Lastly, we are worried about our little Gwen, our cat who is not young, but not old. She is very tiny, having been abandoned with 18 other cats in a home and left to starve. She tries to eat everything in sight, so we are hoping that she has not eaten something that has disagreed with her. She has been a little more lethargic than normal lately, and has all of her shots, etc., so we are going to vet her this week and find out what is going on. She is the most dimunitive of the house animals, except for Kevin the Mouse who lives behind the drainboard and pops up now and then to see what's going on in the kitchen.

Sunday, July 5, 2009

Happy Independence Day!

Friday morning, Keith and Brandon left for Tucson, Arizona, and the University of Arizona baseball camp. They took the VW Bug, my transportation, to save on gas costs... leaving me the van and truck. I had forgotten how much gas it took to run the bigger vehicles!
Grandsons Chris and Nathan came up for the weekend to celebrate our Independence Day, and help around Calamity Acres. We had a picnic with my brother and sister in law, and in the late evening, shot off our legal fireworks in the "front" yard, where they would not bother the animals. Though it stormed Friday night, the clouds held their rain and we had a mild, windy fourth.

Uncle Beau

Gentle Uncle Beau, our old Gentleman, is fading. Each week sees him thinner and more forlorn, and this week our good vet Dr. Jeannie came to check him again. She asked our intentions for him, and we said we will not put him through another winter in the condition he is in. We have increased his feed, because the grazing he does all day long is not bringing him any benefits. It hurts us to see him like this, but we know we are giving him all the Purina Senior he will eat, along with his medicine and sweet feed. He seems to be comfortable, and rambles between yard and pasture, where Mama Llama lets him know who is boss when he tries to steal her feed.

Out in the Big, Wide World

Our two gray mamas and their chicks are out of the henhouse and in the big wide world now. Both Dovey and her two cockerel chicks and Rosewitha, her sister, with Baby Rambo and her two pullet chicks are doing fine. Dovey had the bigger challenge... we put her on the floor of the henhouse, where she sheparded her two gray chicks around for four days, keeping them safe from the roosters and the big hens. Then, Friday afternoon, I came home to find them in the henyard, still watched over by mama, but doing fine. They have learned to follow her up the ramp into the henhouse at dusk, and to roost in one of the nest boxes, since they can't figure out how to make it all the way to the rafters where Mama sleeps. Despite some plaintive cheeping, she is slowly cutting loose of the chicks and letting them learn on their own, though she does keep track of them during the day.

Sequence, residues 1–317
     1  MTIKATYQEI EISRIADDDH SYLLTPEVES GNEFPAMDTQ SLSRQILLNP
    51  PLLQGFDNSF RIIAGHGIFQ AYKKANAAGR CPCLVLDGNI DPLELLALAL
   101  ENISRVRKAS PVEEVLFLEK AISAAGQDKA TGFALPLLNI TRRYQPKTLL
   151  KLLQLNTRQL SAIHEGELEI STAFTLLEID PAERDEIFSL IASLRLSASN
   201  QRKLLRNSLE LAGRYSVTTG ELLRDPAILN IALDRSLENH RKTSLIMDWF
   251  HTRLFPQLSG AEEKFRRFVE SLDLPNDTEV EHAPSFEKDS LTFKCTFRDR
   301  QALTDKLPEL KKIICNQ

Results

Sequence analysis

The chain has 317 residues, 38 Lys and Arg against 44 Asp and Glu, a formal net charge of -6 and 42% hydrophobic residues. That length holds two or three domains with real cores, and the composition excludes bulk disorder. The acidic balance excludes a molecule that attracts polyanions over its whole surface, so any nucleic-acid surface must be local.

Rosewitha and her bigger three were finally realeased from the dog pen where they have been living this last month... and they are doing very well. Baby Rambo is brave and runs around checking everything out, though he stays where he can hear Mama. When we moved here to Calamity Acres, we had a Japanese bantam rooster, Fred, who is the grandfather and great-grandsire of the current black and white roosters. Fred was a gentle boy who was known for taking care of all the little chicks... he shepherded them as gently as their mamas did. Fred was one we lost in the savage dog attack in March a year ago. He has stamped his descendents though, because Two, one of last year's grandsons, is sticking right with Rosewitha and the babies. Of course, he may have ulterior motives... see pictures above.